Tuesday, August 31, 2010

Album Review: Le Vice (Self-Titled)

The words “live band” and "organic" have become increasing rare in describing R&B and hip hop acts, as many artists have journeyed into the land of Auto-Tune, drum machines, and purely electronic production, never to return. San Francisco-based foursome Le Vice seek to bring live music lovers back to the promise land however, blending sampling and DJ techniques with a sound that combines dance grooves and indie rock guitars. Hip-hop hipster funk if you will.

After getting off to slow start with a skip-worthy intro, the band hits its stride with dance floor gems “Say A” and “Hard 2 Be Ill.” The former features sharp drums with bluesy guitars and trippy keyboard effects, while the latter rides a deep bass groove and a funky, muted guitar riff during the verse and chorus before being washed in a wave of synthesizers and DJ scratching at the bridge. Both tracks find vocalist Alex Lee in braggadocios mode, describing herself as a “Bad mama jamma,” who's “Less Pussy Cat Doll/Little more Benita” and “Killin' them boys like Jeffery Dahmer.”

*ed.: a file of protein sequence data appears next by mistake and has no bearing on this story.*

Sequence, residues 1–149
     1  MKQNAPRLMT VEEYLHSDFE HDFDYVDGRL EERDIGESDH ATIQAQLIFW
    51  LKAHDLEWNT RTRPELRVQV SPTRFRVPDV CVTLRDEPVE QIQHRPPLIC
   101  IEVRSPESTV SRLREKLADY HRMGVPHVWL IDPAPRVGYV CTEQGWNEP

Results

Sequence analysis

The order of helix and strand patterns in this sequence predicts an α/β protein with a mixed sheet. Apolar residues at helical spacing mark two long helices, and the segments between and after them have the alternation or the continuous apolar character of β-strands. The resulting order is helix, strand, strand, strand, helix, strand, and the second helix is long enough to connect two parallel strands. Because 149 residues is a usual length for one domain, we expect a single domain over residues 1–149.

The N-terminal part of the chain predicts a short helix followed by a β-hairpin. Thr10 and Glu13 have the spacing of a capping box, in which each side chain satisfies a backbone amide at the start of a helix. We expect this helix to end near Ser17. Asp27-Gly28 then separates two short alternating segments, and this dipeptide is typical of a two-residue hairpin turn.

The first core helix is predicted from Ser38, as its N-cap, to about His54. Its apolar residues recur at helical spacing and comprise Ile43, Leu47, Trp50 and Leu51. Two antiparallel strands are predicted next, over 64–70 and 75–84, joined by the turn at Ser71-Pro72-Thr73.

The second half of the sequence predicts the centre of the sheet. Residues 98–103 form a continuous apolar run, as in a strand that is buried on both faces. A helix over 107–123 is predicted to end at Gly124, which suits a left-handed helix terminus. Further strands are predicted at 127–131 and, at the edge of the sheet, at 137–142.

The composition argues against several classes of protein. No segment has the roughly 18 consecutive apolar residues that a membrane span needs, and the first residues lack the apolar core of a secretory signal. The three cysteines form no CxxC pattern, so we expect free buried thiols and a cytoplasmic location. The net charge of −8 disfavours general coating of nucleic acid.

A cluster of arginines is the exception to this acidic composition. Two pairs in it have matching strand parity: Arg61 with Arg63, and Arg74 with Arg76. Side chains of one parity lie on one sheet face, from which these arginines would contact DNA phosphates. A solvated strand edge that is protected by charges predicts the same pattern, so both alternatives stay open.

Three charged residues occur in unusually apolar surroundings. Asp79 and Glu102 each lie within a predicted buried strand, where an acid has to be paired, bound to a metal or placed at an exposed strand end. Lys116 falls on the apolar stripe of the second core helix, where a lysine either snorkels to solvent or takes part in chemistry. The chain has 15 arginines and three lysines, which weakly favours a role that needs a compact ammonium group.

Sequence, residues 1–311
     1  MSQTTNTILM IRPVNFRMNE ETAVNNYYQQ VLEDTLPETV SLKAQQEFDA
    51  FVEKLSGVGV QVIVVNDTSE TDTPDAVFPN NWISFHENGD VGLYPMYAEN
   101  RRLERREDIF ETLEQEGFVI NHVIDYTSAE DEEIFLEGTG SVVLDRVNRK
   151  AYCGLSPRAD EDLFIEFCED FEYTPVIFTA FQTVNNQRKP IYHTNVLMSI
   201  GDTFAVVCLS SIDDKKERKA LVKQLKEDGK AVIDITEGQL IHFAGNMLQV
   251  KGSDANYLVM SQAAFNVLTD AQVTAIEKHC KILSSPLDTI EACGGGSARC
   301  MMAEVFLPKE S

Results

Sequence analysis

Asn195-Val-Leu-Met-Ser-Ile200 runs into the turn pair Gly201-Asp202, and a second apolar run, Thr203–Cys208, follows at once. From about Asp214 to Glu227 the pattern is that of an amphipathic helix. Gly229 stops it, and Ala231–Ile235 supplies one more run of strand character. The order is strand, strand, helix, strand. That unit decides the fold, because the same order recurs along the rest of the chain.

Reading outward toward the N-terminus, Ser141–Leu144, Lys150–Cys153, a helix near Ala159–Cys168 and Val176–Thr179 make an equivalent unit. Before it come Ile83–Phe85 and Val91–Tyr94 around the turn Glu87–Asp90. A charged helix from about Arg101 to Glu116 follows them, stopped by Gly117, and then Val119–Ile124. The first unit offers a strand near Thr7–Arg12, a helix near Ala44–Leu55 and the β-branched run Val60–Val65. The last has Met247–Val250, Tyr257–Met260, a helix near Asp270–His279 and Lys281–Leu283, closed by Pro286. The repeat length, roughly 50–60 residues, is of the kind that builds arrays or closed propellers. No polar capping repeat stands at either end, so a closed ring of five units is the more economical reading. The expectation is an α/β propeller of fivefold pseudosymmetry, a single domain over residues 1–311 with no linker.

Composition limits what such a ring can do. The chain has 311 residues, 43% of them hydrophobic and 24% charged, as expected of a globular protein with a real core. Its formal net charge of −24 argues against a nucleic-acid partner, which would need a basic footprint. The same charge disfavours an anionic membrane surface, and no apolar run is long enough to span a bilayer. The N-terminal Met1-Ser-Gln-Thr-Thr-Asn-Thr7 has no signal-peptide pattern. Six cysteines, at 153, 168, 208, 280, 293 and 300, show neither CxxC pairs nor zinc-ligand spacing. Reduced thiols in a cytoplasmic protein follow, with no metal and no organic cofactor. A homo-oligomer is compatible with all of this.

“Uh-Huh” finds Lee in a sexy, uninhibited mood singing “I wanna bring you joy/Wanna make you noise/I wanna be the one/To have your baby boy.” “I'm a perfect 10 on the scale/You don't need nobody else,” she sings, showing her brazen confidence is still on full display. Musically the band is tight and precise but still manage to sound exciting and fun, providing a good backdrop for Lee's tales of cool shy guys and wild party girls. The band also adds life to tracks like “Why Fight,” which ends with a fiery guitar solo, and gives “She Wanna” a nasty, gritty swagger with atmospheric keyboards and a fuzzy, distorted guitar.

“Everytime,”another standout track, reminisces about a teenage love affair, with memories of getting blazed, making out and watching MTV. Over a sparse, muscular groove Lee tells a story of love found and lost. “I thought it'd last forever/I still remember the baby names we thought of together.” It would have been great to hear Lee unleash her inner MC Lyte and stretch her storytelling muscles more on the album. Moments like these are in short supply however, as the band are more interested in getting the party started than exploring the past. Fortunately, Le Vice are well-versed in that.


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